Since March 2009 lows, the index of 30 “blue-chip” Dow-Jones components has climbed a whopping 127 %. The broader Standard and Poor’s composite has soared 138 %.

It is tough to stand in the way of such impressive progress. Last week, JPMorgan’s Tom Lee recanted his February 2013 warning to wait for a better re-entry point.

Yet, some resolute veterans continue to sound alarums. If you have listened to none of the Cassandras, please devote some time to this clip where famed “gravedancer” Sam Zell tells Maria Bartiromo that conditions in the stock market remind him of the real estate market back in 2006.

The biggest lift for share prices has been basement level interest rates and a theory that America and other large nations can regain growth trajectories in private labor incomes so that consumption can kick start the interconnected global economy.

Despite massive fiscal stimulus and precedent shattering monetary easing, private sector incomes per household have actually declined in America.

In 2007, private wage income and proprietors’ income were $ 6,423 billion combined. That year, the census department estimates there were 116.8 million households so private labor income was $ 55,000 per household. In 2011, private labor income grew to $ 6,623 billion, but the number of households rose to 121.1 million so private labor income per household declined 0.5% to $54,700. Adjusting these figures for inflation, per household private labor income dropped 10.1% from $ 55,000 in 2007 to $ 49,426 in 2011 (translating 2011 dollars to 2007 dollars).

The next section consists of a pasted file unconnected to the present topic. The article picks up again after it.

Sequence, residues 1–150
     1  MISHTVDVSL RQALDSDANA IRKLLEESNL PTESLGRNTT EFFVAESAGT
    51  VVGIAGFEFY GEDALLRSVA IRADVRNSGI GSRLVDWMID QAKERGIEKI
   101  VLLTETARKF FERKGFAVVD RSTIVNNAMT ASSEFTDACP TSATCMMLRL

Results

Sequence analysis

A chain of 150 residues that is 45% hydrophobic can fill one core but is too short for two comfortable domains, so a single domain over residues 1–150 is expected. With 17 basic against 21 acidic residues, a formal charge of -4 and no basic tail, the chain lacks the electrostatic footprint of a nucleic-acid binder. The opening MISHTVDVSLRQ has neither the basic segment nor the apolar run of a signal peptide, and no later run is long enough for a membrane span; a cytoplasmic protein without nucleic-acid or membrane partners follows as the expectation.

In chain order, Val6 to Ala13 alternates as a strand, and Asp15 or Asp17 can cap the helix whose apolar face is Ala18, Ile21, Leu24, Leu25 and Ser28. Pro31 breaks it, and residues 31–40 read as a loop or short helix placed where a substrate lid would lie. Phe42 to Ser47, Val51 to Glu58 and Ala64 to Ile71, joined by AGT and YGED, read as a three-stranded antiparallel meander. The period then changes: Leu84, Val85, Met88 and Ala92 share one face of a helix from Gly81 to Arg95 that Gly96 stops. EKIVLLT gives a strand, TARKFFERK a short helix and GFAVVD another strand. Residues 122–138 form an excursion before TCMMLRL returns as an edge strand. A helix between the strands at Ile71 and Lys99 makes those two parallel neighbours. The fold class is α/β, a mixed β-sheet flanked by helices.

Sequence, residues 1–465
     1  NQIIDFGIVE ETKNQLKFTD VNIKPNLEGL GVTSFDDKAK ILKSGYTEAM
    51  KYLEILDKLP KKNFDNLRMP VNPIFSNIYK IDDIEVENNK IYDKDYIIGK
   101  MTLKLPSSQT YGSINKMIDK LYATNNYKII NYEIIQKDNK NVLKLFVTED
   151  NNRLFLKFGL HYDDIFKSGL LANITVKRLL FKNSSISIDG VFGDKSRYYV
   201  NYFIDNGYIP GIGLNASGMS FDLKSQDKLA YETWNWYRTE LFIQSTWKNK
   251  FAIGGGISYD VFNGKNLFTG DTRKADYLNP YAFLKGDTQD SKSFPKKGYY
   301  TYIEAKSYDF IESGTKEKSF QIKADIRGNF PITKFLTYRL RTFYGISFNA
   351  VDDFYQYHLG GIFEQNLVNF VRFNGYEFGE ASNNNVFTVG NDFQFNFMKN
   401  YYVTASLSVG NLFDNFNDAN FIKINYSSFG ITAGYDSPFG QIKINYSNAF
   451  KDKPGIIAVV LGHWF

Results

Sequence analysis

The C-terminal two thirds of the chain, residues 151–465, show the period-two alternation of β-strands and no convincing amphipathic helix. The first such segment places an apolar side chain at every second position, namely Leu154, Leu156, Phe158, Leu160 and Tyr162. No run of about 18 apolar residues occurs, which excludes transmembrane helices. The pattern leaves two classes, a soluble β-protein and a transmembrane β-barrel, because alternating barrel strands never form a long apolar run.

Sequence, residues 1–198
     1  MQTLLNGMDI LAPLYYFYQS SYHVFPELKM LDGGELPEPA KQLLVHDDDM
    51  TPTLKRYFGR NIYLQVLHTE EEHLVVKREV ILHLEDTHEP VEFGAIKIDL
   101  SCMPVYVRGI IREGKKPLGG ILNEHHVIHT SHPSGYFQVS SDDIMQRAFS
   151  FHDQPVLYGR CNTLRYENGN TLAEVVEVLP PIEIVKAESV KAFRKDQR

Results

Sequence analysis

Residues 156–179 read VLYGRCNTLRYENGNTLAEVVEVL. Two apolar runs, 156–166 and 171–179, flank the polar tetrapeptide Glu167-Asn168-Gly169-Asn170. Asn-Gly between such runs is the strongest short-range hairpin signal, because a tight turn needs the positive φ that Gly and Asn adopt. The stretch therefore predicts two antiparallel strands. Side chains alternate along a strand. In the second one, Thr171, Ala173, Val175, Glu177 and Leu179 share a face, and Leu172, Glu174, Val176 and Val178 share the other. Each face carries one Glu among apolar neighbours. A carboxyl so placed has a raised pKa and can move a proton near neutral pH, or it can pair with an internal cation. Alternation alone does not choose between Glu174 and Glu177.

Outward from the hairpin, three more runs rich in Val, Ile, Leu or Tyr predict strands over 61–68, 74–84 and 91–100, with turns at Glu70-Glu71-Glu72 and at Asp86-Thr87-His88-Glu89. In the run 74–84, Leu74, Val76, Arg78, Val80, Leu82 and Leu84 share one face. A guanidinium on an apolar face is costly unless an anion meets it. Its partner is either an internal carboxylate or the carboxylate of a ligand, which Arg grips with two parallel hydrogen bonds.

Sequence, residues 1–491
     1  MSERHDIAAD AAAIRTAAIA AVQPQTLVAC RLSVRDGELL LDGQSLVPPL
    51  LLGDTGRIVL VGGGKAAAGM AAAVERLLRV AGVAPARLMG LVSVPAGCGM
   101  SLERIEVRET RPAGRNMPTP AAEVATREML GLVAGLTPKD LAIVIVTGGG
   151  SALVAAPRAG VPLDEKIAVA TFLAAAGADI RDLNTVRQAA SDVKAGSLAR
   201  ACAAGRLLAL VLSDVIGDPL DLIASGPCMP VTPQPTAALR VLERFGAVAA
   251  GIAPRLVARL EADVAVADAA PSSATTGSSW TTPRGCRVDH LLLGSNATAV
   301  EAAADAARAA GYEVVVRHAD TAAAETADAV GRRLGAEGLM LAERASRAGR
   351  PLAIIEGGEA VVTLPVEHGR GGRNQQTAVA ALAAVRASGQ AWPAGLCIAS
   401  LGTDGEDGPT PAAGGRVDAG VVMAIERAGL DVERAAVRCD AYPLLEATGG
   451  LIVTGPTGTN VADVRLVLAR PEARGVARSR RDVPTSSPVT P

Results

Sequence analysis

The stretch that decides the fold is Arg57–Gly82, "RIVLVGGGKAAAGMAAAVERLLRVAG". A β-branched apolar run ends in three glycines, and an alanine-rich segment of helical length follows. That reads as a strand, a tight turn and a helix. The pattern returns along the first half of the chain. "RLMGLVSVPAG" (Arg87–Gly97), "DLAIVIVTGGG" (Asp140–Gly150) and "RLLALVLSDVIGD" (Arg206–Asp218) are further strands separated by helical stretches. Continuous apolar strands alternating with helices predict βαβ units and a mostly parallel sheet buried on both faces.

This disturbing trend should resonate with President Obama—his household income in 2011 was apparently 85.7% below peak levels achieved in 2009. In 2012, President Obama’s family income dropped another 22.9%.

Dude, where’s our economy?

We are two weeks away from when the adage “sell in May and go away” will be firm in the minds of experienced professionals.

As you react to breaking news, consider Lewis Carroll’s poem “The Walrus and the Carpenter” and ask yourself whether you want to join all the other young oysters for a long walk and bitter end on the beach.

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Charles Ortel

Charles Ortel became a lapsed member of the silent majority in August 2007 when he began alerting the public to dangers posed by structural changes in the global economy. Since then, Charles has appeared in the print, radio and television media with increasing frequency. Brass Tacks will attempt to offer non-partisan perspective on factors contributing to the unresolved, burgeoning crisis and discuss potential solutions. Graduated from Horace Mann School, Yale College and Harvard Business School, Charles tries to learn each day.